That's not true. If the job is permitted and inspected it's fine. I used to live in MD, now live in PA and I know people in NJ. I can verify from personal experience this is the case in those 3 states. I also worked for the utility, as did my father, grandfather and uncle. Grandfather and Uncle worked in the gas division exclusively. As long as inspections pass it's fine. This only applies if you are working on your own house.
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Old 11-26-2015, 06:21 AM   #6
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That's not true. If the job is permitted and inspected it's fine. I used to live in MD, now live in PA and I know people in NJ. I can verify from personal experience this is the case in those 3 states. I also worked for the utility, as did my father, grandfather and uncle. Grandfather and Uncle worked in the gas division exclusively. As long as inspections pass it's fine. This only applies if you are working on your own house.
yes some of that is true...but you now have to be certified and drug tested to perform work on gas lines...either way my feeling stand ..working with gas lines ..installs or repairs is not a diy project only because sometimes you only get one chance ...2 get it right...your family is worth more than trying to save a few bucks...I have people calling all the time wanting me to get there gas repair or install inspected ...if we don't do the work we don't inspect it..why.. because my insurance and certification is on the line if something fails....
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Old 11-26-2015, 11:13 AM   #7
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Quote:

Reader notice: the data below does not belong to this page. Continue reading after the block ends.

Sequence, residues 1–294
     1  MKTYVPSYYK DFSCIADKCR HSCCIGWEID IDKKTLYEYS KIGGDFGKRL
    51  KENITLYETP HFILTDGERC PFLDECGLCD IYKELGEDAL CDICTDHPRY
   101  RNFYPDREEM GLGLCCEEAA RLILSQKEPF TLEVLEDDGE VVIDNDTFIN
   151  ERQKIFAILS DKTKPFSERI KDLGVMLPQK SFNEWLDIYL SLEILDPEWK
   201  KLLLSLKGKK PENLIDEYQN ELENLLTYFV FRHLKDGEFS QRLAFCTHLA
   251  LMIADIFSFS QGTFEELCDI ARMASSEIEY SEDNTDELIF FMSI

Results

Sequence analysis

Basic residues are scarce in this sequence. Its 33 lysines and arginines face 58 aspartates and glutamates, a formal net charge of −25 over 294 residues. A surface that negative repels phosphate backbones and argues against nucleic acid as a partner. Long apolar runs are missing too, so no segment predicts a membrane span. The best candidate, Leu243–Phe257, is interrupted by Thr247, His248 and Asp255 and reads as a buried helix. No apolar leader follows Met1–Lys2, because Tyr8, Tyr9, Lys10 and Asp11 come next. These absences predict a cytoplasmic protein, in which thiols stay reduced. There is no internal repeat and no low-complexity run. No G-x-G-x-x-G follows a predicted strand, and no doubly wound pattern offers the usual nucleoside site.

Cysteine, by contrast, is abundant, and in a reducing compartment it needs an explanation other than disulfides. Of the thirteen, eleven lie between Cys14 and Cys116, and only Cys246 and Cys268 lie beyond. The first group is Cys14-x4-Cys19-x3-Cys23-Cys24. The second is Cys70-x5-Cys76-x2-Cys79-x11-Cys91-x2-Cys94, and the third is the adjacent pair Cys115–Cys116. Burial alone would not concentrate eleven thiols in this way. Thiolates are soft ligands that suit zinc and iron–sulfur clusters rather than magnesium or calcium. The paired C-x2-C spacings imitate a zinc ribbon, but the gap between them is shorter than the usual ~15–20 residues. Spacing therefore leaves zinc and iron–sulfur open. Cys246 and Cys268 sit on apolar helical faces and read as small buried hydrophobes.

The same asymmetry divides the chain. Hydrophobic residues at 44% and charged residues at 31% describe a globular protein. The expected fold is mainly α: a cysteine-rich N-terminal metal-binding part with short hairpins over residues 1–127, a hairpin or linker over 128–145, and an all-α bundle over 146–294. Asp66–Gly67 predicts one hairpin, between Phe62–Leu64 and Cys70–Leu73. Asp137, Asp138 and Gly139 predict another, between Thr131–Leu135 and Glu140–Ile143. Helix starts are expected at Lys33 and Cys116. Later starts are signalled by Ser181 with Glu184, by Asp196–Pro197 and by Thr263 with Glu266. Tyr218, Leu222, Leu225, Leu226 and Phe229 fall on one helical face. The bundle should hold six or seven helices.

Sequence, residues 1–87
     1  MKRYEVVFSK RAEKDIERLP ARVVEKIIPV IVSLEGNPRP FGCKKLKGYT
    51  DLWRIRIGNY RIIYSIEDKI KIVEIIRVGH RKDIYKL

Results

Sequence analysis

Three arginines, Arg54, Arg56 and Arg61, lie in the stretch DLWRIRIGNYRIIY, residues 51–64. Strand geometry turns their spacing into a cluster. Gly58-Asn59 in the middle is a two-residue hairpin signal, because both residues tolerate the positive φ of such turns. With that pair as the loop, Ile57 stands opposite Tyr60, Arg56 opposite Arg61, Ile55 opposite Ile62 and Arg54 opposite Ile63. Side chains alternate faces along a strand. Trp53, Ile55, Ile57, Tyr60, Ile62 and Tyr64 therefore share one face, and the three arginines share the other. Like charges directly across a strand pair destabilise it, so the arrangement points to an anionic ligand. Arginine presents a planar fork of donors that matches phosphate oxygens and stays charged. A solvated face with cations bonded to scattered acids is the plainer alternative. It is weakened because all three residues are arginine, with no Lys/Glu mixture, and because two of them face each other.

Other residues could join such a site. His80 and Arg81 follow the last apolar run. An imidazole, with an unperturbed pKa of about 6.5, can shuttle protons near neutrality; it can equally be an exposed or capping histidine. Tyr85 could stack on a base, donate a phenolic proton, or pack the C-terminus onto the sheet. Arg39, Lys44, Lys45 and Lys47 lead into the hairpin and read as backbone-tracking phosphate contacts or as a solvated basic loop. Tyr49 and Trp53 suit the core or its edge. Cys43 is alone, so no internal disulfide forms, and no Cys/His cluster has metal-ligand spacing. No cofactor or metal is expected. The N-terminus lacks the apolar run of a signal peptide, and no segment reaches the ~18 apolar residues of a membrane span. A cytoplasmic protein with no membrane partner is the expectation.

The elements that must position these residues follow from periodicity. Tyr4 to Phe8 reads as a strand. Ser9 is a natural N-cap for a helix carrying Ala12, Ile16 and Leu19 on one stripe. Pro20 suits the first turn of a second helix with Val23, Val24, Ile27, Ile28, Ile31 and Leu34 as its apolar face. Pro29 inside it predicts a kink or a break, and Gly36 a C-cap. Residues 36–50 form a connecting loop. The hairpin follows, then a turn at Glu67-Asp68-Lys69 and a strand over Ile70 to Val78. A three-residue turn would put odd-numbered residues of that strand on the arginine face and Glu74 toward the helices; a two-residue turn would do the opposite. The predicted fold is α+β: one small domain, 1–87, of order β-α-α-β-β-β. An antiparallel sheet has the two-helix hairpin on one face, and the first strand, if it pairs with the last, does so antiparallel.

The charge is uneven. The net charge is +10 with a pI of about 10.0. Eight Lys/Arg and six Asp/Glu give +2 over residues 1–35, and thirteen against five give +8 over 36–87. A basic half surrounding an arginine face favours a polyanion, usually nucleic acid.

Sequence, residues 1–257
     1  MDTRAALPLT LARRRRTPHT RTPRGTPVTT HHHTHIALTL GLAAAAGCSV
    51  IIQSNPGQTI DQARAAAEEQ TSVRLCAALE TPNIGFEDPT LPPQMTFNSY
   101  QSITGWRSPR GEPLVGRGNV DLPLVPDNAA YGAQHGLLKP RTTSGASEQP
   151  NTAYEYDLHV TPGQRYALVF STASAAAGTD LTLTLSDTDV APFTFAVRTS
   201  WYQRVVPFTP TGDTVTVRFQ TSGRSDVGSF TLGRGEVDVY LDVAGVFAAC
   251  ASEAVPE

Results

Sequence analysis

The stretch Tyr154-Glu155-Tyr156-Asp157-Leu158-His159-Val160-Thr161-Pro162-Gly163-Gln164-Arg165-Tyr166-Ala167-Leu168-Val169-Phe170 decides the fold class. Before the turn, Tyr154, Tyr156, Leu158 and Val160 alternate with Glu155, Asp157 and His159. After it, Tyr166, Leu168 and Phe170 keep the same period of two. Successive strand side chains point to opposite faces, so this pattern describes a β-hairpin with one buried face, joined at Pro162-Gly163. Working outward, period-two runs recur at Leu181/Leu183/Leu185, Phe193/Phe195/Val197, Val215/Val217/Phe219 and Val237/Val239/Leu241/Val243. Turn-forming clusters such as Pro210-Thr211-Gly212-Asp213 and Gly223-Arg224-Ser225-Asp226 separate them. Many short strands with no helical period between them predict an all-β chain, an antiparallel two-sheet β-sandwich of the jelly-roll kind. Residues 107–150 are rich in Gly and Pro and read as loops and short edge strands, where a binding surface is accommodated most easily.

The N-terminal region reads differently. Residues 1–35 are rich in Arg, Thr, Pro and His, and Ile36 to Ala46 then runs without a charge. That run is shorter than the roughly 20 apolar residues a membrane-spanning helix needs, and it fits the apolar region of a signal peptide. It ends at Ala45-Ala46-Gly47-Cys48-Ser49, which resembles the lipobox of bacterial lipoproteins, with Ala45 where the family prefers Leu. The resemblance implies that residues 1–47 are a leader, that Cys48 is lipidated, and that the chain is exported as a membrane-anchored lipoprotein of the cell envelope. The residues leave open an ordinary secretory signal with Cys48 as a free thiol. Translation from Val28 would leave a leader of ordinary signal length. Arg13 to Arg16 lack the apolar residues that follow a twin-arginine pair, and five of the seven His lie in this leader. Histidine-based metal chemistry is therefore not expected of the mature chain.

Originally Posted by KC_Jones View Post
That's not true. If the job is permitted and inspected it's fine. I used to live in MD, now live in PA and I know people in NJ. I can verify from personal experience this is the case in those 3 states. I also worked for the utility, as did my father, grandfather and uncle. Grandfather and Uncle worked in the gas division exclusively. As long as inspections pass it's fine. This only applies if you are working on your own house.

You may be right it is only the outside service line to the house that may have that requirement. But the gas company will also require a test of the interior house lines and they also inspect the lines. So your point of contact is your gas supplier to find out all requirements they may have.
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Old 11-26-2015, 12:20 PM   #8
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Locally, the mech or plumbing inspector approves gas piping and appliance installation- then pulls the pin at the meter. The service line and meter are the providers responsibility.
Homeowners can do their own work provided they pull the proper permit and inspection
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Old 11-26-2015, 02:02 PM   #9
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It basically falls back on liability issues and gas providers do not like being at fault for deaths or blown up houses.
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Old 11-26-2015, 02:37 PM   #10